Eagle Will Magie - Heck of a Card Player, but About those Royalties....
The Eagles arrived in Vancouver for their final pre-tournament game against Canada a little later than they expected.
American flyhalf Will Magie, who is part of the USA’s 31-man squad bound for the Rugby World Cup, explains.
The weight on the plane was a bit too much for the aircraft we were on.A few staff members had to get off. Too many big rugby dudes and too many bags.
For the 27-year-old star-spangled London-born rugby star, who spent the last two MLR seasons with the Glendale Raptors, it was just another step on his journey to Japan.
I played rugby and cricket in England and when I was 16, I had to make a decision as to what I was going to pursue more seriously, and I always just preferred rugby. Rugby is a bit more team-oriented and I think that probably trumped it in the end.
Pretty much all my summers would be back in the U.S. with family. Then at Thanksgiving and Christmas, we’d try to come over. Basically, whenever we weren’t in school, we’d be in the States, which was cool.
One of my earliest sports memories in the USA was meeting a baseball player called Willie McGee – who played for the St. Louis Cardinals – and I got a photo with him and a signed ball, which was cool. That was one of my early memories as a young American going to sporting events.
Now, my favourite
sport to go to is ice hockey. I’m definitely an Avalanche
It was a big decision to leave my life in England and come over to play in the U.S. and ultimately the goal was to put myself into a position to get picked to play for the Eagles. I always felt American growing up and then once you get a taste of playing, even U16s and beyond to the U20s, you meet some of the lads and you’re friends for life. It was a great decision and one that I’m very happy I made.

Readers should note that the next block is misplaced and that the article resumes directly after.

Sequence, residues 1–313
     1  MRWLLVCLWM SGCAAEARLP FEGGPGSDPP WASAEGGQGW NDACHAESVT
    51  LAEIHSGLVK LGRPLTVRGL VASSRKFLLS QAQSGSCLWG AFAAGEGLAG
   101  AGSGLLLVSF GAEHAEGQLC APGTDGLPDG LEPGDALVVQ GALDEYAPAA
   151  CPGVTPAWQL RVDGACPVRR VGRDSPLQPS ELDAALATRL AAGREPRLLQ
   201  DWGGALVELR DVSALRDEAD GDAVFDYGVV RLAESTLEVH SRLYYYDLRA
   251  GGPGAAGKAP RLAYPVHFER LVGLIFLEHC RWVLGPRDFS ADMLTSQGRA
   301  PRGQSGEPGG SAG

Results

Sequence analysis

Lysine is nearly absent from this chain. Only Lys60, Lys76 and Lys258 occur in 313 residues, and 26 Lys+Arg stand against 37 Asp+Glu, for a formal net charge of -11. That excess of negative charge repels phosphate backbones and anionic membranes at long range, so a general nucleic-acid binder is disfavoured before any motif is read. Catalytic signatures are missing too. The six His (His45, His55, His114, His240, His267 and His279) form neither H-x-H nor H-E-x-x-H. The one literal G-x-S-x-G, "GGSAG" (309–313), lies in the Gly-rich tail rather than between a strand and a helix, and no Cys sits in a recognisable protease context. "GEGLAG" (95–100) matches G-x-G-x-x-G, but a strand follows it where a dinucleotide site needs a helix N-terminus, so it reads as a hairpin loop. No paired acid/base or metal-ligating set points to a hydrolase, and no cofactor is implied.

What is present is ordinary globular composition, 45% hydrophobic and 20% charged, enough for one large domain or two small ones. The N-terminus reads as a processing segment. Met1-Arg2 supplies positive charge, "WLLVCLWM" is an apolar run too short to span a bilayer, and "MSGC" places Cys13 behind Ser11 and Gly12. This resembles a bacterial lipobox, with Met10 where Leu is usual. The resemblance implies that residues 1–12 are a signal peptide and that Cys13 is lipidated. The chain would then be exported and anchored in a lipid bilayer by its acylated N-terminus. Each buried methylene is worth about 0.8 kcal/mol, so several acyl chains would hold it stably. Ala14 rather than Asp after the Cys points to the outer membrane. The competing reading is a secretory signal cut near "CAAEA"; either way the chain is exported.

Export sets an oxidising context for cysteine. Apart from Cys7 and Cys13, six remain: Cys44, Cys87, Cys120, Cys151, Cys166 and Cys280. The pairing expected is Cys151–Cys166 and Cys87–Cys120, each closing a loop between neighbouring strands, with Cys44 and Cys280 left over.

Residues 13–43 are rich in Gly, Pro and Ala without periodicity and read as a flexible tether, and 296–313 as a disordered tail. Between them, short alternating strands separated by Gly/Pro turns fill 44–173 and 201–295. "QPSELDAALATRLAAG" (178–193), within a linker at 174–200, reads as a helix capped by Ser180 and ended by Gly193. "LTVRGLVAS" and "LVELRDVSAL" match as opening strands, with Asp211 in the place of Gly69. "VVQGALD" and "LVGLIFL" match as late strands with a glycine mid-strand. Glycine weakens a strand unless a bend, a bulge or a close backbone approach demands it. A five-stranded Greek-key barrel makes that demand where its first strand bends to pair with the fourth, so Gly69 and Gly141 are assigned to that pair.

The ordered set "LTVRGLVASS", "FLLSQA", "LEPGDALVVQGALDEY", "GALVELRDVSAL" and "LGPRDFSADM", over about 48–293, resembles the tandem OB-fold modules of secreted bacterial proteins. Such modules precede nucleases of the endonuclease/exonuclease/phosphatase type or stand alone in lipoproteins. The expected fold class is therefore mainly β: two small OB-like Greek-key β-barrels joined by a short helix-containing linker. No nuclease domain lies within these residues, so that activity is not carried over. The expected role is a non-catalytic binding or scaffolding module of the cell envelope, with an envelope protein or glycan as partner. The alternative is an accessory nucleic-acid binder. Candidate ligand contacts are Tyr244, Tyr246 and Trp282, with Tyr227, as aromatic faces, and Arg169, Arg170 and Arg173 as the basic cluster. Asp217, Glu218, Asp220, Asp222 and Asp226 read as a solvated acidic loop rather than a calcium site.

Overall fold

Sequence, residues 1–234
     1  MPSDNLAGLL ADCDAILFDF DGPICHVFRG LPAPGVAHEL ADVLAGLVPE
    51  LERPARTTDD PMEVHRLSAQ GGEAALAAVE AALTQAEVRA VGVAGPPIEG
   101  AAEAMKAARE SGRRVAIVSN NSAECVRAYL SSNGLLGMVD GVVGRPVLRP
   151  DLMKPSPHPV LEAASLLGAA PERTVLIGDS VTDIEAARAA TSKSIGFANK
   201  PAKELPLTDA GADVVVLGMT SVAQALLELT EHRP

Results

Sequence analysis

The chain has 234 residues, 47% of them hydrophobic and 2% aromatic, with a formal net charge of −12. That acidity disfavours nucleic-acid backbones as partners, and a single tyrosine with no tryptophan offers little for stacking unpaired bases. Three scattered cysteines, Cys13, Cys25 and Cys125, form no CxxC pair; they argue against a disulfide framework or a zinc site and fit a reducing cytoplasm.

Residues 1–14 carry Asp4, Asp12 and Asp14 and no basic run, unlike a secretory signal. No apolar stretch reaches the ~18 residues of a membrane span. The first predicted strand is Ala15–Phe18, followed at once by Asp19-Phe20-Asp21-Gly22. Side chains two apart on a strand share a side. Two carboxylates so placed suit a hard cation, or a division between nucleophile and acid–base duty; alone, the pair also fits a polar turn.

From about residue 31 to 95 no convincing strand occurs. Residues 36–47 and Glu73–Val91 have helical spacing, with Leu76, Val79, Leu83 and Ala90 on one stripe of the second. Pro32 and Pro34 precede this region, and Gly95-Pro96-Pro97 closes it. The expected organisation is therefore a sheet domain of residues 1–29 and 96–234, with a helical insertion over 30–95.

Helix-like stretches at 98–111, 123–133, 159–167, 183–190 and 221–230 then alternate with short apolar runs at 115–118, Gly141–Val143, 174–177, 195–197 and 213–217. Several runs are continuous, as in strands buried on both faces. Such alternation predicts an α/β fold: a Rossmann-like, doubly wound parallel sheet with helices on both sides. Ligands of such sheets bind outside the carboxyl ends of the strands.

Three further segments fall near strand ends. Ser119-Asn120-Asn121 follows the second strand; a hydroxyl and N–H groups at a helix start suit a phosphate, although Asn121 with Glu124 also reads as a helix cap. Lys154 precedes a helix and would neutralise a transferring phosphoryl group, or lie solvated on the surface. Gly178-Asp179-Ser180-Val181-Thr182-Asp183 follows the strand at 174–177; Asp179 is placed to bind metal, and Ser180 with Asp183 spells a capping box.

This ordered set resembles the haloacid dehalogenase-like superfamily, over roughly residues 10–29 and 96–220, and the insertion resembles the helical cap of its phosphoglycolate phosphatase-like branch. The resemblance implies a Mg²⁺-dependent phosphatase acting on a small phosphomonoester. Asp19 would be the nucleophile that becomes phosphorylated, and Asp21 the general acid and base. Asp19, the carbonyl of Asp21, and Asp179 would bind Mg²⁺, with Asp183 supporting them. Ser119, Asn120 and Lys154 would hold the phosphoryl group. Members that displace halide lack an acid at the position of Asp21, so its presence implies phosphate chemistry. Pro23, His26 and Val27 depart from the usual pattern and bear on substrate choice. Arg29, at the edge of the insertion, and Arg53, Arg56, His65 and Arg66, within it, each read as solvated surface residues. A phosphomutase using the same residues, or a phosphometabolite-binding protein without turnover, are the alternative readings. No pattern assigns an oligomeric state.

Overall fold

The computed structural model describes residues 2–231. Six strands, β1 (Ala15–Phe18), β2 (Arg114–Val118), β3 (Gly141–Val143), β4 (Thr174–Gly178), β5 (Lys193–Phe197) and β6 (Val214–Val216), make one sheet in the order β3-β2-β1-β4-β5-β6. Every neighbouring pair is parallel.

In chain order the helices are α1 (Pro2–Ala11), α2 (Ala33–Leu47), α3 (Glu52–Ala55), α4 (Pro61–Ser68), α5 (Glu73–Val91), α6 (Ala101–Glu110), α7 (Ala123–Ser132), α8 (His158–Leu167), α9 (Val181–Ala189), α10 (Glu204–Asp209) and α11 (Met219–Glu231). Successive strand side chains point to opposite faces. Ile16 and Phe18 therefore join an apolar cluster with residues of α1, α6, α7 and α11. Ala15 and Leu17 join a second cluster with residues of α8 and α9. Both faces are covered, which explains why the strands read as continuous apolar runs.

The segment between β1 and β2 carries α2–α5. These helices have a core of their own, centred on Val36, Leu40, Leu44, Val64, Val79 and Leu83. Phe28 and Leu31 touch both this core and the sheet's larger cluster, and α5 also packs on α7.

The U20 World Rugby Trophy was obviously a great tournament. I played two years, in 2011 (in Georgia) when we finished seventh and then the year after was in Salt Lake City, when we won it, so it was two very different experiences. But it was cool to play in that with guys who are still in the mix like Mike T’eo and Madison Hughes.
Debuting with the Eagles against Uruguay (Feb. 4, 2017) in the Americas Rugby Championship, Magie has now earned 25 caps, including 14 in a starting role. For sure, he has many highlights, but being part of USA’s historic win over Scotland in 2018 remains among his very best.
That win over Scotland was one of the great nights as a group and for USA Rugby history, so we’ve proved to ourselves that we can do that. We know what an amazing performance it was that night, and we’d like to replicate that two or three times in Japan. I remember coming in on the wing and being very uncomfortable that Stuart Hogg was going to run at me. Magie laughs>. It was amazing. The boys put in an unbelievable performance. It was a great day, and the crowd was amazing in Houston, and the celebrations were pretty fun afterwards.
Being part of the American set-up, Magie of course gets to train alongside star flyhalf AJ MacGinty. It’s cool.
To be able to train with (starting USA flyhalf) AJ MacGinty and learn from him is amazing. He’s a fun guy to be around. He’s a bit of prankster around the squad, but he’s terrible at cards. I get one up on him there.
Of course he’s proud of his gaming skills. It’s been said that Magie can hold his own in a card game. Yet, there’s one game he rarely plays – Monopoly.
My great-great aunt actually invented a game called The Landlords Game, which is basically the same as modern day Monopoly. She sold the rights to the game to the Parker Brothers, which has become Monopoly. Elizabeth Magie is her name. Unfortunately, she sold it for about $500, which, at the time was a lot of money, but there’s no royalties. We didn’t play it much. Probably our hatred for not having those royalties. Whenever I play with mates now, I just say that I get to start with an extra $100. That’s the rule.
Now, finally, the real games are about to start. The Eagles open the RWC on Sept. 26 at 6:45 a.m. (ET) against England.
England won the World Cup when I was 11 years old, so it was a pretty impressionable age. It’s going to be an amazing experience. Obviously, everyone’s been talking about the tough group that we’re in, but we’re going over to Japan to fully compete and really look to push some of those perceived top teams as hard as we can.